The word “hashtag” is so much a part of our modern lingo that it’s hard to imagine its humble beginnings as the pound symbol, or that there are people that don’t know about its existence & purpose. One of the most instantly recognizable symbols on both online and offline platforms, it is a boon for the average social media user, social media agencies, marketers everywhere, and the occasional person with OCD. Why? Let me explain.
When hashtags were first used on social media (in 2007, on Twitter to be precise), they started out as being a means to aggregate all conversation around a particular topic. One search and videos, messages, images and more from across time and space (well, that channel in particular) would be presented for your viewing pleasure. You’re welcome, person with OCD issues . Ten years later, their use is still largely the same, but also, so much more.
As a means to organize/ categorize online conversations, hashtags allow your content to become discoverable, allow you to find other relevant content, and connect and engage with likeminded individuals on common areas of interest. When used properly, they create powerful context for recall, increase & measure engagement, and can provide real time updates.
Hashtags are used on almost every social media platform (and offline platforms too!), from the most popular ones (Twitter, Facebook, Instagram, Tumblr, and Pinterest) to slightly less common ones (Kickstarter, Vine, Flickr, etc), with functionality & purpose varying according to the platform.
Now Why Would Social Media Agencies Have a Love-Hate Relationship with Hashtags? (Mostly Love)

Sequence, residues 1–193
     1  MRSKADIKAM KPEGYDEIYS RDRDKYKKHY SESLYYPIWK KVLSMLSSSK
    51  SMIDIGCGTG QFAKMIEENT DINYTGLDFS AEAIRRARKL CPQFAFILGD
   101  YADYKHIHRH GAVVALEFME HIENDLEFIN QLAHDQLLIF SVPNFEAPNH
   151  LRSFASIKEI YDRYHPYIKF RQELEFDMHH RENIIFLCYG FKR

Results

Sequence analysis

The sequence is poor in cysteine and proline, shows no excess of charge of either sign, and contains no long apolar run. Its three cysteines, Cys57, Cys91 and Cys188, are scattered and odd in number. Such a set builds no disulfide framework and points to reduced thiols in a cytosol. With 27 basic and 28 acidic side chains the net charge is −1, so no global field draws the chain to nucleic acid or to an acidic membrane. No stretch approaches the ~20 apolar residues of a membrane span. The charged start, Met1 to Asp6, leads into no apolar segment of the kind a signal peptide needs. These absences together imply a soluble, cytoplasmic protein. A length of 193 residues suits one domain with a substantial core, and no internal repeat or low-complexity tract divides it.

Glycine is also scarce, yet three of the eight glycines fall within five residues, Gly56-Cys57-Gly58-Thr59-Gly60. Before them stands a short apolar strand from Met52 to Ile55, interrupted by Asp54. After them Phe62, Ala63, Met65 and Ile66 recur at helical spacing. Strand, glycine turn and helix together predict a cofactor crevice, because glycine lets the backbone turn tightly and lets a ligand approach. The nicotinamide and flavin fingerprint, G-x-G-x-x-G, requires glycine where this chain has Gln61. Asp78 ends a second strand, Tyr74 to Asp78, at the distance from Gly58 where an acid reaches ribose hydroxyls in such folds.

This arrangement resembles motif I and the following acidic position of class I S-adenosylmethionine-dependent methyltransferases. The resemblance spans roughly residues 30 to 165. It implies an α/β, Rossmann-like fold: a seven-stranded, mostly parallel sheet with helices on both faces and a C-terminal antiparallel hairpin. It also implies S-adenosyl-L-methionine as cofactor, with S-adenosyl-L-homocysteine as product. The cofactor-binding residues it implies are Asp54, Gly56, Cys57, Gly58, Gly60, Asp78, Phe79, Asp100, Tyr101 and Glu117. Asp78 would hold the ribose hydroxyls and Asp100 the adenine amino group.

- The use of hashtags can build image and awareness for the brand, amplify marketing efforts, and share the brand’s core values and issues. Coca Cola’s #ShareACoke had an easy to remember and simple CTA. Through the campaign, they connected with fans on a personal level, getting them to share their Cokes and their stories on social media platforms.
- Using hashtags allows you to amplify your reach and present your brand to people who may not have seen your post otherwise. In what was arguably one of the best hashtags campaigns of all time, The ALS Association was able to generate worldwide awareness and funds with #IceBucketChallenge, with en pointe messaging and interesting content.
- Researching a trending hashtag?
It’s important to take the time out and do your research before using a hashtag, especially when you’re chiming in on a trending one. Nestle-owned frozen pizza brand DiGiorno’s Pizza learned that the hard way when they accidentally interrupted a serious conversation on domestic violence using the hashtag #WhyIStayed. They quickly apologized, but have become infamous because of the gaffe.
- Posting an open ended tweet?
(McDonald’s #McDstories and JP Morgan’s #AskJPM became “bashtags” when trolls, former employees, and customers hi`jacked the hashtags the brands prompting a lesson for brands & account managers to be prepared for the repercussions if the campaign goes south!
For brand managers, a rushed/ unchecked tweet can spell disaster – literally. French beauty retailer Sephora’s #CountdownToBeauty created the wrong kind of buzz when the social media team left out the first “O” in the word “countdown. Britain’s Got Talent singing sensation, Susan Boyle, also got a lot of unwanted publicity when her PR team promoted her new album launch using the hashtag #susanalbumparty. You see it too don’t you? It was thankfully later changed. But by then the trolls and the Twitterverse had had the last laugh. Lesson? Proofread!
Do you think social marketers have a love or hate relationship with hashtags? Are there any examples you’d like to share?